Dairy cow in a South Hero pasture, 6-14-2018

A dairy cow grazes in a South Hero pasture.

ST. ALBANS – A settlement was reached late last year over a class action lawsuit alleging dairy cooperatives participating in a herd retirement program between 2003 and 2010 conspired to reduce milk output and unfairly raise milk prices.’

The cooperatives, including the St. Albans Cooperative Creamery and its new owners Dairy Farmers of America (DFA), as well as Agri-Mark, Inc., do not admit fault in the $220 million settlement.

The settlement, filed in December, has yet to be approved by a judge.

The suit, originally filed in 2013, involves the Cooperatives Working Together initiative and its herd buyout program, which offered a premium for producers selling their milking herds for beef in order to reduce milk production and stabilize dairy prices.

The suit alleges the program effectively amounted to a “conspiracy... to eliminate competition, significantly reduce the number of dairy farmers competing in the market and to produce both short-term and long-term increases to the prices of raw farm milk, butter and cheese.”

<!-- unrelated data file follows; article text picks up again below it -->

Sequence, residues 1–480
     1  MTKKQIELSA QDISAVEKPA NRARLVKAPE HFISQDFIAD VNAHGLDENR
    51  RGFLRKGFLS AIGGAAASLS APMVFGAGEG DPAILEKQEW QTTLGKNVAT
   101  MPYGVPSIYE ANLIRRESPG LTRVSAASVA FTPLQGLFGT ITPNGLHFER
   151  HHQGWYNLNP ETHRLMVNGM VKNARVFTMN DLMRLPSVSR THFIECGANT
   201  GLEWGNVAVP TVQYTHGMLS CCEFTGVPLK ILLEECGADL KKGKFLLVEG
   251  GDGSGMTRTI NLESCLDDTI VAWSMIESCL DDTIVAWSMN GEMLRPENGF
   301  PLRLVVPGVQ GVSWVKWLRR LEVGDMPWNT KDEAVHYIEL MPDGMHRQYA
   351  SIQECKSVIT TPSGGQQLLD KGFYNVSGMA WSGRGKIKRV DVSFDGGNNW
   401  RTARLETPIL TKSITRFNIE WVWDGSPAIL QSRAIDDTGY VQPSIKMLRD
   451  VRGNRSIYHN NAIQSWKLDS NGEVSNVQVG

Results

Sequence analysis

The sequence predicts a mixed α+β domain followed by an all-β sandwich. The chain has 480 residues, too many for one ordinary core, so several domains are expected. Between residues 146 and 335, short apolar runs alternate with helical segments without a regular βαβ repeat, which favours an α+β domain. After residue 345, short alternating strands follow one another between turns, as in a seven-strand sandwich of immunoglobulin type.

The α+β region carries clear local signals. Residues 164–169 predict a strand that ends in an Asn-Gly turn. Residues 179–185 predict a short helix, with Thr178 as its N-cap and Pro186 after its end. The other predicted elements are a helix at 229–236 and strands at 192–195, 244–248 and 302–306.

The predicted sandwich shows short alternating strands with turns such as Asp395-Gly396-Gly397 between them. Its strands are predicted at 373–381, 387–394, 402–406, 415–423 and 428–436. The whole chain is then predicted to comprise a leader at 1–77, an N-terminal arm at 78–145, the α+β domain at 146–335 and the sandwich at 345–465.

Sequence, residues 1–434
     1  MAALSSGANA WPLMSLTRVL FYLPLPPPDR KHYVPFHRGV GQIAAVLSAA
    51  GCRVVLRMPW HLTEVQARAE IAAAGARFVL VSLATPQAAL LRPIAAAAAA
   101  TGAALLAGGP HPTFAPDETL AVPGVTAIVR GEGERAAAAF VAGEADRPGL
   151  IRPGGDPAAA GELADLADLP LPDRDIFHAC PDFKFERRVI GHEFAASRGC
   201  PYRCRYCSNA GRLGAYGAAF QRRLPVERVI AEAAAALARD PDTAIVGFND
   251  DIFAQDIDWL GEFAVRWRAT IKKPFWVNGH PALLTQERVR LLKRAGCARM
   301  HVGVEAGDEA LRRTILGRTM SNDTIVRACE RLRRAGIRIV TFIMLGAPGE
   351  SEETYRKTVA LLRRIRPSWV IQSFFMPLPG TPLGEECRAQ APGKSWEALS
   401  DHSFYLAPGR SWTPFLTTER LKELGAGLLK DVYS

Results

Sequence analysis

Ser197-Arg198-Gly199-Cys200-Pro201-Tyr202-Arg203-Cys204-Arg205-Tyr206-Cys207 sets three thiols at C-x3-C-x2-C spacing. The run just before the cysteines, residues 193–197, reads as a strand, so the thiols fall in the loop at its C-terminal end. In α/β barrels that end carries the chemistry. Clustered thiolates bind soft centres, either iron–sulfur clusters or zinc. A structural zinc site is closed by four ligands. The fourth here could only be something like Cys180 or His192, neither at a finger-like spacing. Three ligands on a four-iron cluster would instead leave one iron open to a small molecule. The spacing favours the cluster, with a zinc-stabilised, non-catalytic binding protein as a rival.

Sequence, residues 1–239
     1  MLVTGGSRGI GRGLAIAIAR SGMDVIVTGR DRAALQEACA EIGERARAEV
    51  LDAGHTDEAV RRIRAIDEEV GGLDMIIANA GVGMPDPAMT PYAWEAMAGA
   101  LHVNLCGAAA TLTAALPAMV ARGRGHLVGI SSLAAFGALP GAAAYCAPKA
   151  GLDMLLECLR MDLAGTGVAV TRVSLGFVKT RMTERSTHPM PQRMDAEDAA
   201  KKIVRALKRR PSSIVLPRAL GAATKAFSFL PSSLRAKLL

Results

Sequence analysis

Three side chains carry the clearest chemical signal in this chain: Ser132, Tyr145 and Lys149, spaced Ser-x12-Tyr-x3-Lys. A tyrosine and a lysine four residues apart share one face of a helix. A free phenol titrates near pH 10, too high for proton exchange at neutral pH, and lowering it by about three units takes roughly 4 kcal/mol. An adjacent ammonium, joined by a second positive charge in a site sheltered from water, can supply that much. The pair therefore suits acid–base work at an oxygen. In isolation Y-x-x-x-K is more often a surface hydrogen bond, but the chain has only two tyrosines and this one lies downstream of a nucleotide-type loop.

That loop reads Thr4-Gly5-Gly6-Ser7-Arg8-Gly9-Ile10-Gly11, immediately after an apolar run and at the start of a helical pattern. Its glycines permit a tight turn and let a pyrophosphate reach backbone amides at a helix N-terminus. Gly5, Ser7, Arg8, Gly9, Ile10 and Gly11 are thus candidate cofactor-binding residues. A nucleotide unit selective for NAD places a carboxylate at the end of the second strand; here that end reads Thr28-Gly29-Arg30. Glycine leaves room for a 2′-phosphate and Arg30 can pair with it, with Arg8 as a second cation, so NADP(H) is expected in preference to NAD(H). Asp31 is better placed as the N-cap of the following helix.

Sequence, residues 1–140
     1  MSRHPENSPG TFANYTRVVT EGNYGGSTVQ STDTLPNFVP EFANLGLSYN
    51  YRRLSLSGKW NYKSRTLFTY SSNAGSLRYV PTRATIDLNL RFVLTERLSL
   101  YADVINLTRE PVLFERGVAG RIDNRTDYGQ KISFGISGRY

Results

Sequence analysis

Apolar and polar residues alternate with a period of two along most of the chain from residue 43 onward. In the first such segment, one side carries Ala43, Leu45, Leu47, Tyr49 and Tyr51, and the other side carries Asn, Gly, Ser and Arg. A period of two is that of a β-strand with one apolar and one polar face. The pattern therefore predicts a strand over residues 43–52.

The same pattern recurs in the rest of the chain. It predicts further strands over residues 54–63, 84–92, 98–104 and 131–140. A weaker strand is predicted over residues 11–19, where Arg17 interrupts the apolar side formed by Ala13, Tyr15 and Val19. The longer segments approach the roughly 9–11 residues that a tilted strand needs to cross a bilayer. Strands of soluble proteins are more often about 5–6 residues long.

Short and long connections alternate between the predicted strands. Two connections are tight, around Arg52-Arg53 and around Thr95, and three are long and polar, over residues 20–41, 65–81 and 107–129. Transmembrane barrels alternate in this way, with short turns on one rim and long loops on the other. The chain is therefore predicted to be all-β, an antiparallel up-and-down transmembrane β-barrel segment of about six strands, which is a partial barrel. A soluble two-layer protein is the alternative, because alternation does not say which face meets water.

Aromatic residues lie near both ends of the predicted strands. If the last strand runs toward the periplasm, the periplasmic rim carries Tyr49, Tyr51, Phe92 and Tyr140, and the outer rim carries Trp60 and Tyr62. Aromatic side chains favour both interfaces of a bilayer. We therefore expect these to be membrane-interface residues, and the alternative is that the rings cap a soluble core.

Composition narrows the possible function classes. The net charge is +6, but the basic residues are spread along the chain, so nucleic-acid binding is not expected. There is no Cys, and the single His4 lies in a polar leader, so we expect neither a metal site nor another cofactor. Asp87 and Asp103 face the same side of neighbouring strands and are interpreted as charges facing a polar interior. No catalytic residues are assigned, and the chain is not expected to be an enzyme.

According to the suit, the resulting price hikes for dairy products cost consumers and retailers millions.

In their settlement, the remaining cooperatives, represented by the National Milk Producers Federation, do not admit to any wrongdoing.

Several cooperatives listed in the suit, including the St. Albans Cooperative Creamery, have since merged with other cooperatives or otherwise ceased to exist.

Purchasers of cheese or butter from any of the cooperatives or their respective cooperative stores – including the St. Albans Cooperative Creamery’s store in St. Albans City – between Dec. 6, 2008, and July 31, 2013, could qualify as a class member in the suit.

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